MR. SHENGAOUT: I understand. If it’s not too personal of a question, do you mind sharing with the readers or our magazine your story, what’s happened and what have you done? I think that might be very helpful to lots of us if you told.

MR. SPIELMAN: I am an attorney and, when my child was diagnosed, I was struck and thinking—what do I do? I’m not a doctor. I can’t go into a laboratory and do some experiments. What do I know? As an attorney I had received certain training in advocacy, and I understood a little bit about public policy, so I tried to set about using the little skill I had for the best effect. So that’s how autism affected me and continues to affect me, because every day I go home to a young man who has autism. It’s my continuing responsibility to help him, but I feel that one way I can help him is to try to help others with autism. This is what I have been trained to do. You with your literary magazine and each of us in our own way affected by autism, we try to take the sum of our experience and channel those experiences into something that is both personal and something that goes beyond the personal. What is the relevance of this story? We would all like to help and do as much as we can for people, so this is a continuing challenge. How do I take my experience and make it useful for someone else? First and foremost, I want to help my son, but how do I make my experiences work for others as well? Can I do that? That’s a wonderful thing if I can do it.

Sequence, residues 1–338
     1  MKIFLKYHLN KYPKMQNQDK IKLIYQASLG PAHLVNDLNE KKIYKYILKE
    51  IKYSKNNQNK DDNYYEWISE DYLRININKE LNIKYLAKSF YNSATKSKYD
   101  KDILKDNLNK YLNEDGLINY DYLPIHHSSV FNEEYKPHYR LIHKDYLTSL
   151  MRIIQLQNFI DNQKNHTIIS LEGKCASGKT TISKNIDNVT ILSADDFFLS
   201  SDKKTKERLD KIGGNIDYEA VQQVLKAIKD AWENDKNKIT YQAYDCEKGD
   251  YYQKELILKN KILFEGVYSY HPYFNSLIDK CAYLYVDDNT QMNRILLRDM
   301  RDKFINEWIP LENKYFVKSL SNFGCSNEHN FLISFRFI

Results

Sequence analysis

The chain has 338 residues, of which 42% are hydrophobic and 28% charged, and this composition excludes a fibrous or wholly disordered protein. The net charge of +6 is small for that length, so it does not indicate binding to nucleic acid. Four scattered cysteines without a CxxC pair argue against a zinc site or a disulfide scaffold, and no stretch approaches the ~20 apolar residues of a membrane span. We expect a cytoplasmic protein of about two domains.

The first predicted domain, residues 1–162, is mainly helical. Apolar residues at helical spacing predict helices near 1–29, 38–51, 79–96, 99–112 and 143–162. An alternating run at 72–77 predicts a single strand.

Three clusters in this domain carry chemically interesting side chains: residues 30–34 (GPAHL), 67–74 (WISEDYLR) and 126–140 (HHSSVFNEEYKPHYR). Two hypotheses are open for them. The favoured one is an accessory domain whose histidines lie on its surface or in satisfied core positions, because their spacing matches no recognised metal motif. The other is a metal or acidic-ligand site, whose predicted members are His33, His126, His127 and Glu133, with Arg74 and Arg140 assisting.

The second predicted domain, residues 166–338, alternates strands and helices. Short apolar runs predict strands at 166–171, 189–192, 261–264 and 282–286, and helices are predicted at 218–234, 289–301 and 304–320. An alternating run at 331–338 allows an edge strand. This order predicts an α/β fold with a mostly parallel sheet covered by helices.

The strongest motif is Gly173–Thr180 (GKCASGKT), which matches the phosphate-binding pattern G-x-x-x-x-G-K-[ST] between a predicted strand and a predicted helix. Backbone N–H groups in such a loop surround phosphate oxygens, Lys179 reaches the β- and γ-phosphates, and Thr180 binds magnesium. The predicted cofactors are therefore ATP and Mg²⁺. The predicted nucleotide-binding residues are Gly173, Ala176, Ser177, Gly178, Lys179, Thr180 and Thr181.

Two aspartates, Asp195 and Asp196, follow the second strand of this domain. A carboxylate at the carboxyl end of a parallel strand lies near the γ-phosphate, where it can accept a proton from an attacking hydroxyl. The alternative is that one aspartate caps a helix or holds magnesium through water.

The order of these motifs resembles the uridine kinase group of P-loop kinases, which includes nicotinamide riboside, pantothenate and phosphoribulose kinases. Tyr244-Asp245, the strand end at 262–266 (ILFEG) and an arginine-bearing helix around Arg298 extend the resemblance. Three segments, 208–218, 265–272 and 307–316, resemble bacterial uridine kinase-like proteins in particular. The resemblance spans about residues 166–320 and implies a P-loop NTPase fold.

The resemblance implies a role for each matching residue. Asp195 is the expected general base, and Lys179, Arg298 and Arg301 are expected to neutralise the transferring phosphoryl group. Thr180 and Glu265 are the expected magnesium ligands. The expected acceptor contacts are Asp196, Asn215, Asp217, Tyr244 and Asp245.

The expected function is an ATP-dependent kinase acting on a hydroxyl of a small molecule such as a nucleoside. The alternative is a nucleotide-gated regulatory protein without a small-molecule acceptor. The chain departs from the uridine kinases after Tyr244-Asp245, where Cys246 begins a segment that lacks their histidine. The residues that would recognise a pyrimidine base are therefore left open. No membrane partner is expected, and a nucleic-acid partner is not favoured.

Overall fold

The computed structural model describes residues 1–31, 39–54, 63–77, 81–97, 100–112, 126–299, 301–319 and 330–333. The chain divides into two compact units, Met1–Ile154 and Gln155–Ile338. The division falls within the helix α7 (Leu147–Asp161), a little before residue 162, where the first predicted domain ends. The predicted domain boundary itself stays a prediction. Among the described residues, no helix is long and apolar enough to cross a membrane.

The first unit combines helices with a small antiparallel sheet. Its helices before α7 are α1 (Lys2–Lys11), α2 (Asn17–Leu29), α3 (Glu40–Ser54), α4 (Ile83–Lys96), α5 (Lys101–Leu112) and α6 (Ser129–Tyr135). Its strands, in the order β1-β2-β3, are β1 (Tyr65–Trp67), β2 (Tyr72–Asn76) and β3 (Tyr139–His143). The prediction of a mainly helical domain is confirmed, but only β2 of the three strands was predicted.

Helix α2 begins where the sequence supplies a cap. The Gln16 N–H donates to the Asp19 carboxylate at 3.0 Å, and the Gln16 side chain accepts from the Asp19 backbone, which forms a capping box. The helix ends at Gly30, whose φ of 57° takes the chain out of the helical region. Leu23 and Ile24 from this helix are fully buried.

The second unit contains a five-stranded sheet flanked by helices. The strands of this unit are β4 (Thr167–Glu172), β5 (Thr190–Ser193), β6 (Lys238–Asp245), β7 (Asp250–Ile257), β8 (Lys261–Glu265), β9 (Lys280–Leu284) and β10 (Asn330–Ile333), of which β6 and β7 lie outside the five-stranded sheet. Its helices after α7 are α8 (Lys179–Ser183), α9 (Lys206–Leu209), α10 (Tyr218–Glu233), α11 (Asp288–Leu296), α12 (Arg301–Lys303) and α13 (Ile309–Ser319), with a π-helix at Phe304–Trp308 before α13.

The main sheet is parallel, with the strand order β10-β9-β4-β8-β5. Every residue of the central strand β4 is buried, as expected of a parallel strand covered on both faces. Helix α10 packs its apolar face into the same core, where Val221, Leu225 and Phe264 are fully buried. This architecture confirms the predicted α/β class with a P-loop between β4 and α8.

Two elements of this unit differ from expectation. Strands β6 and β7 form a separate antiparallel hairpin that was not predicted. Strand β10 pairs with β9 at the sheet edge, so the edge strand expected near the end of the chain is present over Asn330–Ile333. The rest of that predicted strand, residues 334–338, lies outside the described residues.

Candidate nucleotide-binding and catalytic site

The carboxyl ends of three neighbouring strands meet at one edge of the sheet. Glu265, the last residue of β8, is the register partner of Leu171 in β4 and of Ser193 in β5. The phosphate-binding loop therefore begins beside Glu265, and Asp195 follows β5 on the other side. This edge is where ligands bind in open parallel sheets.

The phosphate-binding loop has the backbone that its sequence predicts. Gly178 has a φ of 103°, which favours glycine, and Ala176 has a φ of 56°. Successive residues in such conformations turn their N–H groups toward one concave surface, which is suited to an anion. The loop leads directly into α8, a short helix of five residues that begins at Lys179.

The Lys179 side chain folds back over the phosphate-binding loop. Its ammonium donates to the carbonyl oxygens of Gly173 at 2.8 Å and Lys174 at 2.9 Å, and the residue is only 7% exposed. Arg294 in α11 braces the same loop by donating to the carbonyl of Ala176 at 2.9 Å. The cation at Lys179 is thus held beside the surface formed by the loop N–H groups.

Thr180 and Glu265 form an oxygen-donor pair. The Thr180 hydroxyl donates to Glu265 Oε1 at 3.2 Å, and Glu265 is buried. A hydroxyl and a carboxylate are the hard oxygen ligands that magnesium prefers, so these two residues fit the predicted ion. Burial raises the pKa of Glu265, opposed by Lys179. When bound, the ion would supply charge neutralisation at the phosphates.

MR. SHENGAOUT: In many ways, you cannot help just one individual. It just has to be broader than that. So you became part of Autism Speaks after this situation happened to you?

MR. SPIELMAN: Well, my child is 18 now, so, yes. Autism Speaks is much younger than 18. but it’s true.

MR. SHENGAOUT: I guess we have similar experience in this sense. Stuart, thank you so much for your time. I wish you luck and thank you for this interview and all the great work you have been doing with Autism Speaks. I thank you, not only as a member of society, but also as the father of a child with autism.